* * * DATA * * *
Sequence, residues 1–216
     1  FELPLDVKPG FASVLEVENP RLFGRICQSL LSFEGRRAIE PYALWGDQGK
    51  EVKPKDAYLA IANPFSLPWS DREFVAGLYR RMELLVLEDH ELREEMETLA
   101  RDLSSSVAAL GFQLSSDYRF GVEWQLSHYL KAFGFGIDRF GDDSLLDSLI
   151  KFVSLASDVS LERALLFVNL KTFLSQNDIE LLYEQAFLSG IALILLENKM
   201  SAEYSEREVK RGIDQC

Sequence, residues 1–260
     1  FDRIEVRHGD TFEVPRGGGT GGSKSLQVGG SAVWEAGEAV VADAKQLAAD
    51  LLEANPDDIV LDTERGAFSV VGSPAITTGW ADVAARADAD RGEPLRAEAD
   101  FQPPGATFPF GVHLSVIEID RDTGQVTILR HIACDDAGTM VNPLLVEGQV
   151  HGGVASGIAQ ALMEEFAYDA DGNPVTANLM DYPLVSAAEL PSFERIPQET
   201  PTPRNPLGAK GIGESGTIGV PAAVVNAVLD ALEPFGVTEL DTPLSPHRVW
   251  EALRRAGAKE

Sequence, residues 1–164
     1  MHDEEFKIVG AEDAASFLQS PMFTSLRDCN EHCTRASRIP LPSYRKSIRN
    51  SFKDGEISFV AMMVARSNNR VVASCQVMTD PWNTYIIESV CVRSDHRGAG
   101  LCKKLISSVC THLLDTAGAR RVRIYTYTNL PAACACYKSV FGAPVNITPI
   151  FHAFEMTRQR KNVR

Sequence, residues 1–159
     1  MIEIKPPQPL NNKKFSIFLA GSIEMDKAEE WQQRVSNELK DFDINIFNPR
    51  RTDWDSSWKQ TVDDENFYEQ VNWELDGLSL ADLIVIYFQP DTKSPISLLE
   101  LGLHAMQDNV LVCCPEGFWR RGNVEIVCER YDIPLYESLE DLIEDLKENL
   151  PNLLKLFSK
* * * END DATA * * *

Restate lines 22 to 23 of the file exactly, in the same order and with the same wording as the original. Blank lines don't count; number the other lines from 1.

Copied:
   101  LGLHAMQDNV LVCCPEGFWR RGNVEIVCER YDIPLYESLE DLIEDLKENL
   151  PNLLKLFSK